Last Sunday we celebrated our ground breaking for the new church. This facility, that is designed to "facilitate" ministry into the community, won't happen unless Jesus shows up. Jesus must truly carry the load. Without Him, this whole project is utter foolishness and is doomed to failure.

(thank Todd and Neil for a good reminder)

Friday, April 04, 2008

Has Bill O’Reilly Overstayed His Welcome?

Chicken Fried Bacon

You can actually hear your arteries harden as you watch this video.

Thursday, April 03, 2008

Spiritual Menu

Hotel Preston in Nashville has added a new twist to the trend of merely removing Bibles from hotel rooms by replacing Bibles with “spiritual menus” in all its guest rooms. The menus will invite guests to call room service to order their religious book of choice. Choices include the Quran, The Book of Mormon, the Torah, books on Scientology and the Bible.

Dr. Albert Mohler Jr., president of the Southern Baptist Theological Seminary wrote on his blog that the growing absence of Bibles from hotel rooms speaks to the secularization, sexualization and extreme sensitivities of the culture.

“The fact is that many persons have come to faith in Jesus Christ by reading a Bible supplied to their hotel room by the Gideons,” he wrote. “Many others have turned to the Bible when in crisis. Some have even decided against suicide when they read from the Gideons Bible.”

(ht: Citizen Link)

Blue Like Jazz coming to theater near you!


Christianity Today (CT) has an interview posted with Steve Taylor, director of the upcoming Blue Like Jazz movie. Apparently the screen play is finished, with input from Donald Miller, and production starts in May. The movie should arrive sometime in the first half of 2009.

Perhaps you know or remember Taylor's last directing project, The Second Chance, starring Michael W. Smith. In this new movie Taylor wants Tim Keller to make a cameo in the film - apparently Taylor is a big fan and has heard just about every Tim Keller sermon.

I must confess I am dubious on how this book is going to translate into a movie. My advice, don't wait for the movie, but rather definitely read the book if you haven't already.

Wednesday, April 02, 2008

The Bible and Money


Seven Deadly Signs of Financial Bondage

This is one of my guest posts over at freemoneyfinance

Divorce statistics - fact or fiction?


50 percent of all marriages end in divorce, whether you're a Christian or not. False.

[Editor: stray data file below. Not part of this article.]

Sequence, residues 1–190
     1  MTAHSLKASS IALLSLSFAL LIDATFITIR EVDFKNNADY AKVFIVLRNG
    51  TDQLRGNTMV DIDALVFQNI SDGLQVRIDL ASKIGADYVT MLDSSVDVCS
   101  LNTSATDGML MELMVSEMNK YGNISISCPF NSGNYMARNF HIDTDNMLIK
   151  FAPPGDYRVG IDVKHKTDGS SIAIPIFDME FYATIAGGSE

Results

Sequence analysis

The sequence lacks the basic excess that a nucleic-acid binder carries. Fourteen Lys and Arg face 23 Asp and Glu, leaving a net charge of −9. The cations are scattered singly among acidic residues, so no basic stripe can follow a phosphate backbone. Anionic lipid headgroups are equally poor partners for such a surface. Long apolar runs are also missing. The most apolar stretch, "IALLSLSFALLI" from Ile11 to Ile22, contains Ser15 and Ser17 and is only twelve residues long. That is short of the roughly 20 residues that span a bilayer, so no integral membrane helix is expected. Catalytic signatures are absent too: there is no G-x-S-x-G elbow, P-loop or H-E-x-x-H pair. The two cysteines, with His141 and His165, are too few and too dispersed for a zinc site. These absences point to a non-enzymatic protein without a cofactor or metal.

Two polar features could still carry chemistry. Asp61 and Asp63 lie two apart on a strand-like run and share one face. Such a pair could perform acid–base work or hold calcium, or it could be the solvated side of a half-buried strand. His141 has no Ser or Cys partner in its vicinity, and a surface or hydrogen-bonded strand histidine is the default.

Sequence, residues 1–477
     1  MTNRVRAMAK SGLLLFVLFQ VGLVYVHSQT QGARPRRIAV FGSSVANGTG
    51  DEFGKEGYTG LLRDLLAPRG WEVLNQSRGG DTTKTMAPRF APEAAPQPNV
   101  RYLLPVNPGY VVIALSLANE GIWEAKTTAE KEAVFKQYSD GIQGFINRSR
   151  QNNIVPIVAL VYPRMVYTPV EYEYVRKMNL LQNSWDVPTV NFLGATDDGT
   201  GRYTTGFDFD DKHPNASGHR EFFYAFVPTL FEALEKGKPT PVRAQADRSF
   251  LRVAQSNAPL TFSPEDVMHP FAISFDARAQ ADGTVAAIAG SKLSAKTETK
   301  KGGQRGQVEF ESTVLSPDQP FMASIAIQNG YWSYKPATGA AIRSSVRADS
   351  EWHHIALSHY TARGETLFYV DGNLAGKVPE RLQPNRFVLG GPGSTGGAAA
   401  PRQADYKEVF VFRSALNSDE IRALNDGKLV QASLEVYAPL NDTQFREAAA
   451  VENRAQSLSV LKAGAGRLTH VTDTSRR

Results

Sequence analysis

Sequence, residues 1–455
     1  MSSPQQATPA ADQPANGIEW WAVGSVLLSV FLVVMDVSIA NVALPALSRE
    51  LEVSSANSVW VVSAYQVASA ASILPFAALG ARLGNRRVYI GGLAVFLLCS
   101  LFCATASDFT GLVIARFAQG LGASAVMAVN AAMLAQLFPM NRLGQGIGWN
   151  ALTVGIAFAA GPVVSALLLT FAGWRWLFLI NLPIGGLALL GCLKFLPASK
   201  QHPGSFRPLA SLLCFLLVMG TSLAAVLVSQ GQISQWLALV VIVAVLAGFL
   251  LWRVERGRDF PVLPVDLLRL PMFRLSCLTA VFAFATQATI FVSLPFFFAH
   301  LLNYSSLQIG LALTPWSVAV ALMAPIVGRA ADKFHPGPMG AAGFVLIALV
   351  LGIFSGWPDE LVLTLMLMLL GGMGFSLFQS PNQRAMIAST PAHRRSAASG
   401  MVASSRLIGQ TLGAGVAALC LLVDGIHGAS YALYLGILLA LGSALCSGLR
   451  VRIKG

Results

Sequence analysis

I've heard this statistic as long as I can remember. But those statics are skewed and over the years it has become an urban legend.

Some explanations of why this myth has perpetuated account for the fact that when you look at the sheer number of marriages and divorces in a single year, there's a virtual two-to-one ratio. The problem is, however, this doesn't factor in all the millions of marriages still existing.

The Barna Group's latest study echoes this with a relatively small sampling of 5,000-plus Americans. Thirty-three percent of those polled had been divorced at least once. Among born-again Christians, that rate essentially remained the same (32 percent), while for evangelicals it dipped slightly (26 percent). Is this difference enough to prove that a walk with God automatically makes you divorce-proof? Of course not. But it also echoes the fact that significantly less—about half, in fact—people are getting divorced than what you hear.

(ht: barna.org)

Tuesday, April 01, 2008

Evangelicals to get our own Pope







Here is some breaking news. I’m sure you’ve heard by now, but voting for the new Evangelical Pope (or ePope) is underway. Jump over to Hope Waves on the Shore of My Soul to read more details.

Here are a few excerpts from this article:

Exactly one year ago, frustrated evangelical leaders joined together to brainstorm ways in which to tackle the problems of divisions they have been facing in their churches. The solution?

A heavy dose of rigid church hierarchy. Most notably the appointment of what’s being dubbed the ePope.

Spiritual guide Joel Osteen had this to say, “I just wish people could get along. There’s so much positivity the church could be getting out there if we could just put on a happy smile, join hands, and pass the collection plate.”

The vote details a few additional measures like eBishops and the disbanding of the Emergent church. Bill Hybels, CEO of Willow Creek mentioned, “With this synergistic structure, paradigms will start shifting so fast we’ll have begin re-leveraging our real estate resources.”

Front runners for the ePope include Saddleback’s Rick Warren, Brian McLaren and—as a cursory nod to the past—Billy Graham. There was also mention of Shane Claibourne but it was met with derisive laughter and a few concerned shouting, “That sissy would make us give away our money!”

Rob Bell was not invited to attend.

(HT: Evangelicalism to Get its Own Pope)